Skip to main content
You are the owner of this article.
You have permission to edit this article.
Edit
Greg Hansen: In a year filled with so much loss, Arizona's wins were a source of joy, comfort
editor's pick featured top story

Greg Hansen: In a year filled with so much loss, Arizona's wins were a source of joy, comfort

UA coach Adia Barnes embraces star guard Aari McDonald following the team’s win over Indiana in the Elite Eight. The Wildcats advanced to their first-ever Final Four, then upset UConn to earn a spot in the national title game.

During a year of doubt, distress, heartache and fear, Arizona’s women’s basketball season was a bridge over troubled water.

It helped to ease your mind, dry your tears.

It was almost providential that a few basketball games became a source of joy and comfort in this community.

One morning in early January, when COVID-19 numbers continued to spike and spread uncertainty through the community, I logged into a Zoom call with UA coach Adia Barnes. She was sitting in her living room, unsure if that week’s game at Washington would be played. (It wasn’t).

As she was outlining the logistics of her team’s first road trip, her 6-year-old son, Matteo, jumped into the background and began mugging for the camera. He ducked in behind his mom and made a funny face. He squealed. He darted out of the picture, then back in. Matteo loved being on stage.

His mom just smiled.

It was basketball, after all, not a visit to a hospital trauma center.

Throughout the 30-minute Zoom conference, the tiny voice of Barnes’ months-old daughter, Capri, could periodically be heard. “She’s just fussing,” the coach said. “She’s ready to be fed.”

There has never been a college basketball season like 2020-21 in Tucson. Not at McKale Center, not at Bear Down Gym, never, ever, ever.

At one point, the Wildcats paused their Pac-12 season for 15 days. Five nonconference games were canceled. A year after Barnes’ team set an attendance record with 95,098 fans, not a single ticket was sold.

And yet last Sunday evening, an ESPN audience estimated at 4 million watched Barnes and the Wildcats come eyelash-close to winning the national championship, one shot away from the single most dramatic victory in school history.

When I think back of the UA’s magical season, my first memory isn’t Aari McDonald’s last shot against Stanford bouncing off the rim. It is the image of ever-present Suzy Mason sitting a few rows behind the Arizona bench, cradling seven-month old Capri Coppa, soothing her, a selfless act in the most extraordinary basketball season of our lives.

Mason is the UA’s senior associate athletic director for event management. During Arizona’s weeks-long stay in San Antonio, she went far beyond event management, far beyond winning and losing. She made sure Adia Barnes wouldn’t have to be worried about her baby.

In many ways, even though Arizona didn’t win the national championship, it felt like it. It feels like it, thanks not just to Barnes and McDonald and Sam Thomas and Cate Reese, but also to those like Suzy Mason who came together to make it all such a success.

Arizona’s journey to the national championship game can trace its roots to 10 years ago this spring, when Barnes was a radio analyst for the WNBA’s Seattle Storm and trying to figure out what comes next in life.

The Washington Huskies had just signed Xavier women’s basketball coach Kevin McGuff to take over a listing UW program coming off 11-17 and 13-18 seasons. McGuff brought his Xavier assistant Mike Neighbors to be his top aide, and then hired Cal assistant Kevin Morrison to fill the second of three slots.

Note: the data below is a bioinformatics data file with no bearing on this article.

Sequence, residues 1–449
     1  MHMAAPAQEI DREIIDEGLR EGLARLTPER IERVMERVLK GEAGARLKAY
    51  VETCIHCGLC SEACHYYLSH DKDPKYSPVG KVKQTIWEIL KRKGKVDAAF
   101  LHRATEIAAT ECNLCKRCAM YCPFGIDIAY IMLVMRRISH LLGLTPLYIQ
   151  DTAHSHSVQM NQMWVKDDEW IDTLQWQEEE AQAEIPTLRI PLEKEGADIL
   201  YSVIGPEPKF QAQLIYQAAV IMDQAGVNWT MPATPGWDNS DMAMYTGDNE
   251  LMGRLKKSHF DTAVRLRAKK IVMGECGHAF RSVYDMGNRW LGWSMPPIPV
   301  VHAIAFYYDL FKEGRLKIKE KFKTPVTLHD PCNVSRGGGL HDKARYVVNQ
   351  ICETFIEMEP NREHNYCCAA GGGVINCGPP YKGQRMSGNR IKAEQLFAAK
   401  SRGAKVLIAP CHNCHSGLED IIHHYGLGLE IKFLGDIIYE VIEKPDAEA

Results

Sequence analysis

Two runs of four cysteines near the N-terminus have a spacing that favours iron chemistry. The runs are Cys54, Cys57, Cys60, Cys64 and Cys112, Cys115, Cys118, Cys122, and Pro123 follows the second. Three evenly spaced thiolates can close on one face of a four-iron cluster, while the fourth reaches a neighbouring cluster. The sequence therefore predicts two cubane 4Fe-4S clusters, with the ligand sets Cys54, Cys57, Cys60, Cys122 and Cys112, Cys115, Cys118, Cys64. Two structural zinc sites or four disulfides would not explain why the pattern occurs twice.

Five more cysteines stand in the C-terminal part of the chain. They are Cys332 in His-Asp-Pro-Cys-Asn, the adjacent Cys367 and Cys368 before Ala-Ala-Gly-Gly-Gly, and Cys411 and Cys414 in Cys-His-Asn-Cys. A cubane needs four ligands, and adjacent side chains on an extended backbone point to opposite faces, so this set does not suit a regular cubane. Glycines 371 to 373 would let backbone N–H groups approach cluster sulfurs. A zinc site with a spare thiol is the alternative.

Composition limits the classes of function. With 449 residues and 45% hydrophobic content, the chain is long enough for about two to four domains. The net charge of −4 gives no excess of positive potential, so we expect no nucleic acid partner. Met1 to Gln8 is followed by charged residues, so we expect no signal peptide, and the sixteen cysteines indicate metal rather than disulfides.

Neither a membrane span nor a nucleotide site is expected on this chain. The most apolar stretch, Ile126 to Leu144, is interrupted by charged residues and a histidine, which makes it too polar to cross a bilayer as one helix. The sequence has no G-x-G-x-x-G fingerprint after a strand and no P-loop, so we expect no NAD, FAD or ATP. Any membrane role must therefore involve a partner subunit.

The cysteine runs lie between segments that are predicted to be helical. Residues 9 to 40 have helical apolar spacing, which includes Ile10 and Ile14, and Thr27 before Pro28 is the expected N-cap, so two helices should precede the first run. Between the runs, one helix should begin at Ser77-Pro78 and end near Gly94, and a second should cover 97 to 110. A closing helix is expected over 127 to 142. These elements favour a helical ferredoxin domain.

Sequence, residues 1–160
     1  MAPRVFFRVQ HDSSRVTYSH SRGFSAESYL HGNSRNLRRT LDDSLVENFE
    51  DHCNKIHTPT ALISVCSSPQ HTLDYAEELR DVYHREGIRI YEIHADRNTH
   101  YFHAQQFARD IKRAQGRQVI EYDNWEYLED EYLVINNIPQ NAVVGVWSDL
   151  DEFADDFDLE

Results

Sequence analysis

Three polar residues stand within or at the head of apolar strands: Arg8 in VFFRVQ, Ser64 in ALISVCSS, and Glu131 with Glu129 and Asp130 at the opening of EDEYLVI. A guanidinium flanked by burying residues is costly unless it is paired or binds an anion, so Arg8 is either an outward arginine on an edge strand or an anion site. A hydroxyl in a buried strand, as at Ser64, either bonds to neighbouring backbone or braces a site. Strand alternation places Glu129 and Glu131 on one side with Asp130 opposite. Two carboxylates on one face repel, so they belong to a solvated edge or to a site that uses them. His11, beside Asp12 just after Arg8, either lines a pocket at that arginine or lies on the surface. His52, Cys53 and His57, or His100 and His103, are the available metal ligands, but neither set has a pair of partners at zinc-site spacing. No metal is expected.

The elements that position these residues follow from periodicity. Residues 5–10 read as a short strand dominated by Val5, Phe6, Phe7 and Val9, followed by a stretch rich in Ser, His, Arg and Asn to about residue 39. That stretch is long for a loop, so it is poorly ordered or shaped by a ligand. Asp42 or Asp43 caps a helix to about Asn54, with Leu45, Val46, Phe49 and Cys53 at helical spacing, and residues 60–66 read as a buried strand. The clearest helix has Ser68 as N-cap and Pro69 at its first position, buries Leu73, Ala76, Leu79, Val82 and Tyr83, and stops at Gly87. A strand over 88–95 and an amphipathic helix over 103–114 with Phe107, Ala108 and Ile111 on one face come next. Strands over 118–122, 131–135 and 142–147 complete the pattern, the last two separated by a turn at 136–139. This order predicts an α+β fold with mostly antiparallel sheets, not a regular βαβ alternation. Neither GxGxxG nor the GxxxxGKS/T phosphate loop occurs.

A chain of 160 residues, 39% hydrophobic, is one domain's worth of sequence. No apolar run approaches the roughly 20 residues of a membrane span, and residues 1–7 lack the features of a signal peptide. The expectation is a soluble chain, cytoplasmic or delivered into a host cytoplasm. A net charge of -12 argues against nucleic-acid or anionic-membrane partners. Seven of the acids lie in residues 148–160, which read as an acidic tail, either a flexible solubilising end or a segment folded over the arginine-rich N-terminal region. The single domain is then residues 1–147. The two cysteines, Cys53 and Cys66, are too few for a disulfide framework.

McGuff was determined to fill his final coaching vacancy with a woman who could help in all matters related to recruiting, communicating and team bonding. He preferred someone familiar with Seattle. The name that kept bouncing to him was Adia Barnes.

After interviewing Barnes, McGuff was immediately sold. When he announced she was joining the UW staff on May 10, 2011, he said “Adia Barnes is one of the brightest, most up-and-coming coaching talents.”

Bingo.

He paid her $81,000 a year. After three years, McGuff left to become the head coach at Ohio State and Neighbors took charge, coaching the Huskies to their first and only Final Four, in 2016. That’s when then-UA athletic director Greg Byrne made contact and, while Barnes was in Indianapolis at the Final Four, offered her $240,000 a year and a five-year contract to become the head coach at her alma mater.

A few days before the Wildcats left for San Antonio, Arizona announced Barnes had agreed to a contract extension through 2026, worth an estimated $3.3 million. Money well spent.

On March 15, the night Arizona learned it was a No. 3 seed in an NCAA Tournament bracket opposite mighty UConn, Barnes again appeared on a Zoom call. She was up-front and frank, as is her personality. The Wildcats had been bounced from the Pac-12 Tournament by UCLA and finished the regular season by losing to ASU.

Rather than deal in doom and gloom she said, “my young women aren’t always perfect, but I’m not always perfect, either. I really feel like we haven’t done anything yet. I think this year we finally have the pieces to make a run.”

And so they did.

Contact sports columnist Greg Hansen at 520-573-4362 or ghansen@tucson.com. On Twitter: @ghansen711


Subscribe to stay connected to Tucson. A subscription helps you access more of the local stories that keep you connected to the community.

Be the first to know

* I understand and agree that registration on or use of this site constitutes agreement to its user agreement and privacy policy.

Related to this story

Get up-to-the-minute news sent straight to your device.

Topics

News Alerts

Breaking News